The total ban on liquor in Bihar since April 2016 and a tough message from chief minister Nitish Kumar on Wednesday that there could be no let up in its implementation, has put the police under renewed pressure to completely block liquor smuggling.
But in Kishanganj district of eastern Bihar, around 400 km from state capital, Patna and close to the Indo- Bangladesh border, security personnel are focussing all their vigilance on consignments of another commodity – small bottles of cough syrup, mainly Phensedyl.
This is because of rampant smuggling via Bihar of expectorants such as these to neighbouring Bangladesh, where, like in many parts of Bihar and the country at large, they are consumed to get a liquor like kick out of its ‘intoxicating’ ingredient.
“Here, we keep closer tabs on cough syrup consignments as Kishanganj is a prominent route for the smugglers to push it into Bangladesh via the Indo-Bangla border, where it is sold at a high rate,” said a senior BSF officer, posted at force’s sector headquarters at Kishanganj.
He said a 100 mg bottle of Phensedyl fetched a price ranging from Rs 300 to Rs 700, in various parts of Bangladesh. In India, the cough syrup reportedly sells at less than Rs 100 for a small bottle.
Codeine-based cough syrups, including Phensedyl and Corex, are among the 344 fixed-dose combinations (FDCs) banned by India in February last year. But they continue to be sold in the black market, say medicine shop owners. Several companies have gone to court for overturning the ban.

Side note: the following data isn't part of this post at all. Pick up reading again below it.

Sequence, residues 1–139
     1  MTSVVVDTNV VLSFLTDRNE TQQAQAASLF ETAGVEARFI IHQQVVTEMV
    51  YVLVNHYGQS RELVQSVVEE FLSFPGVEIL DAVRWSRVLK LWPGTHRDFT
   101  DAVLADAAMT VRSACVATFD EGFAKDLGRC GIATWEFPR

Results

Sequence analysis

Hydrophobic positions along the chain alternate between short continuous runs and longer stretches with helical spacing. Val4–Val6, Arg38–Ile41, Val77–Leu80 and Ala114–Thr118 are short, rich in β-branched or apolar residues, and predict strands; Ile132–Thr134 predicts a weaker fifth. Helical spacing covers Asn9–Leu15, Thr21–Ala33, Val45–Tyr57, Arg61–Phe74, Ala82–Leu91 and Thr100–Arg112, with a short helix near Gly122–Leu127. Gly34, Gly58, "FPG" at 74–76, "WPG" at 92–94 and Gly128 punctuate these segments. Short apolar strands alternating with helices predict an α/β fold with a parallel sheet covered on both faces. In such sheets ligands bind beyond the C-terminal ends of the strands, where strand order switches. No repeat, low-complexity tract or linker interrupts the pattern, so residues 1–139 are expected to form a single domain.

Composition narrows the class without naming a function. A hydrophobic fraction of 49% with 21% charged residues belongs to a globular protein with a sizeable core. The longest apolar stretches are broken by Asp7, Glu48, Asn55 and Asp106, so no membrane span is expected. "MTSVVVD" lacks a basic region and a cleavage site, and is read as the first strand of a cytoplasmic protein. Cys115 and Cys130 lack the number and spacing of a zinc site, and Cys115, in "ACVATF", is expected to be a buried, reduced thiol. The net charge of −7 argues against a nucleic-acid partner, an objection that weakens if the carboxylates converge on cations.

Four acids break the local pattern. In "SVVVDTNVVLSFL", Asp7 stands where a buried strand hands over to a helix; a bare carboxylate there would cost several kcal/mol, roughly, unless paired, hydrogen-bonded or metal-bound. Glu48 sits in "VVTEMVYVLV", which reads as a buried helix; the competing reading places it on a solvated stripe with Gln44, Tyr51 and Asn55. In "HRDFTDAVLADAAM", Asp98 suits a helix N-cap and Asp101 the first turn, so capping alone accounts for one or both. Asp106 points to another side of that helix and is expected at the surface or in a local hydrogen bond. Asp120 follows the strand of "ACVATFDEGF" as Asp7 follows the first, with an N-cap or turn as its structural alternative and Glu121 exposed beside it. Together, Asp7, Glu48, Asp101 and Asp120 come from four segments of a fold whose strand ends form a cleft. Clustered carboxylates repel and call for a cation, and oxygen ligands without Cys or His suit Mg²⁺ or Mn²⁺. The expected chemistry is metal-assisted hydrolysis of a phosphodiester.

“ Most of the consignment come from Himachal Pradesh, a pharma manufacturing base,” said another BSF officer, highlighting how huge consignments of the cough syrup loaded in trucks got seized from time to time, based on tip off from intelligence sources.
Reports have it the issue of cough syrup smuggling has been high on the agenda for talks between India and Bangladesh, especially after India banned codeine-based cough syrups.
BSF personnel also confided how locals residing along the Indo- Bangla border, in Bihar and West Bengal, were hired by the drug smugglers to transport the cough syrup laden gunny bags across the border.
“The smuggling is done as part of well-oiled network . Locals sit along the fence of the border and just throw the gunny bags with cough syrup across the barbed wires, mainly during night hours. Patrolling is intensive but the illicit trade remains a challenge,” said another BSF officer.
“In Kishanganj, illegal cough syrup trade is more rampant than smuggling of liquor,” he said, pointing out how cough syrup was consumed as an intoxicant in parts of Araria and Kishanganj, Muslim-dominated districts of the state.
Reports suggest despite the ban, medicines shops in Araria still have roaring sale of cough syrups, mainly because the expectorant is consumed more as an alternative to alcohol.
However, some officials claimed the crackdown on drug smugglers in the past few years had brought a sharp reduction in instances of ferrying of the cough syrup bottles to other side of the fence.